At least one major web browser is moving toward greater use of lightweight alternatives to classic plugins. For those looking to increase mainframe access, this could also parallel browser based terminal emulator use, another means of accessing information through smoothly integrated HTML rather than a difficult add-on.
In an Aug. 9 post on the official Chrome Blog, Flash Curator Anthony LaForge described the new way the browser will handle Flash-based content in the future. While the upcoming Chrome 53 will shift away from Flash in September, the full transition won't take place until three months later with the advent of Chrome 55.
According to LaForge, this move is necessary to match the speed and efficiency publishers already prefer, making it relevant.
"The upcoming Chrome 53 will shift away from Flash in September."
"In December, Chrome 55 will make HTML5 the default experience, except for sites which only support Flash," he said. "For those, you'll be prompted to enable Flash when you first visit the site. Aside from that, the only change you'll notice is a safer and more power-efficient browsing experience."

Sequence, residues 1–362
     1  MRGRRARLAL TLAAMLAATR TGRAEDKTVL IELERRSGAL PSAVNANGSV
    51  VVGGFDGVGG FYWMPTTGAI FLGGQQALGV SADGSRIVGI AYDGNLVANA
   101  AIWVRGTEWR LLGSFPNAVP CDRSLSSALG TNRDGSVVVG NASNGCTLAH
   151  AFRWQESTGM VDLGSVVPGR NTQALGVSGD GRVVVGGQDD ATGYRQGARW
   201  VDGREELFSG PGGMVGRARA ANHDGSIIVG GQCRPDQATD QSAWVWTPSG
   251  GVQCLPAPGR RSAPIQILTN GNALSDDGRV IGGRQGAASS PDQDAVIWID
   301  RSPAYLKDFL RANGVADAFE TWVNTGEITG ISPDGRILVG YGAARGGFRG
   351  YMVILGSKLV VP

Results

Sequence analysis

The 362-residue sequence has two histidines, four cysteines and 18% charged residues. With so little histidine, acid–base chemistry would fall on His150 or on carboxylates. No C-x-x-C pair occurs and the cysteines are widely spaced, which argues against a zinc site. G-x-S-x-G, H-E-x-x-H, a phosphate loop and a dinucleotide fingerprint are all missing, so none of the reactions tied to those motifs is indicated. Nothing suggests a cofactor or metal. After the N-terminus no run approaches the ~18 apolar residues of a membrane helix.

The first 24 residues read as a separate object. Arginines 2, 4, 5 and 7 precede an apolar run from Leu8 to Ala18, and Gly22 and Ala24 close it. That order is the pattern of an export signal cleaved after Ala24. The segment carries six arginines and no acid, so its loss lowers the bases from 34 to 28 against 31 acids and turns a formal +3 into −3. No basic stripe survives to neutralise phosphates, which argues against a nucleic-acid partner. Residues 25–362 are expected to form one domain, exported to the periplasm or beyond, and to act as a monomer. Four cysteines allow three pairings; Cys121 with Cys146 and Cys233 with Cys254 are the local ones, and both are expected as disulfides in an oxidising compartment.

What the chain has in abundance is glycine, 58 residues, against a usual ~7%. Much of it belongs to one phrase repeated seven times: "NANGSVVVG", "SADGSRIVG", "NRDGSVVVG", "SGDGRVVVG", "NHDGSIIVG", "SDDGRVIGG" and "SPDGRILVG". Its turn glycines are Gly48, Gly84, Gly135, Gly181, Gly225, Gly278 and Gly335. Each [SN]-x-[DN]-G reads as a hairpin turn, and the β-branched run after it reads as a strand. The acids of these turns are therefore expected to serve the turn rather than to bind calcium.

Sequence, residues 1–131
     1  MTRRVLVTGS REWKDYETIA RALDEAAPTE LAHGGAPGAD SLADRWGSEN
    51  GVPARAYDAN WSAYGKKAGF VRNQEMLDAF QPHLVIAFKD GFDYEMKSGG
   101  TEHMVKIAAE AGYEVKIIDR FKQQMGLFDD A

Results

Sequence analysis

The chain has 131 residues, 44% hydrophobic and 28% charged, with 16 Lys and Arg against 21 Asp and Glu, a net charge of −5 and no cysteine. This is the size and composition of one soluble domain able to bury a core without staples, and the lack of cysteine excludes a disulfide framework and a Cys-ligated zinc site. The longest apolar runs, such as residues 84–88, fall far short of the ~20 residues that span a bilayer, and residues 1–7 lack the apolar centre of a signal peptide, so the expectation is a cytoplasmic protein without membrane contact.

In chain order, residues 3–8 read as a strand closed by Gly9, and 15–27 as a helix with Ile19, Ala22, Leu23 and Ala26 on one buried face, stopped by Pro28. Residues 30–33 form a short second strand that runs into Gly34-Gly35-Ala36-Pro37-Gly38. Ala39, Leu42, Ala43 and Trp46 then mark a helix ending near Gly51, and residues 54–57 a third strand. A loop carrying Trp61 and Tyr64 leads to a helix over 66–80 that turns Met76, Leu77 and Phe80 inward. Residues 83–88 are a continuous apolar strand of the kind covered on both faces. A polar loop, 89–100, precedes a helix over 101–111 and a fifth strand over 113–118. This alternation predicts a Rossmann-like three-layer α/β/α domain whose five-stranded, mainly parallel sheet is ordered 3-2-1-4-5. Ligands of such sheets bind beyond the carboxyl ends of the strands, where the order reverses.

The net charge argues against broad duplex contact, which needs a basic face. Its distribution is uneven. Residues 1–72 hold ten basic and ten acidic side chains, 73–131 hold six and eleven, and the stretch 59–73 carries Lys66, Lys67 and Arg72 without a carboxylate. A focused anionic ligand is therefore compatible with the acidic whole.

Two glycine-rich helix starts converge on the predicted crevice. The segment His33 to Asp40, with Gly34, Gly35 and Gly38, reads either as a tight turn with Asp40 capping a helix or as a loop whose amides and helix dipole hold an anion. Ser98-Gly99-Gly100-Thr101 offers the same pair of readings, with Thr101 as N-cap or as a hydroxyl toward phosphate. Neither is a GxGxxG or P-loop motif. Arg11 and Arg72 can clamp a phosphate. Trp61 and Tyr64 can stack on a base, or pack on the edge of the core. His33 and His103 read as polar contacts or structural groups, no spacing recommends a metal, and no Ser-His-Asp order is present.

Other browsers have also dropped Flash in recent years. Earlier this summer, Mozilla will also announced that Firefox would depend less on Adobe Flash. Mozilla's Quality Engineer Benjamin Smedberg said that "the web as a whole" is making Flash content less prominent in browser use. Firefox's plan has been years in the making and follows Facebook and YouTube's previous changeovers to HTML5 in 2015.
A web based terminal emulator gives enterprises a centralized way to manage host sessions. Businesses won't have to worry about installation and will also have a way to still interact with major browsers no matter which programs businesses prefer for everyday use.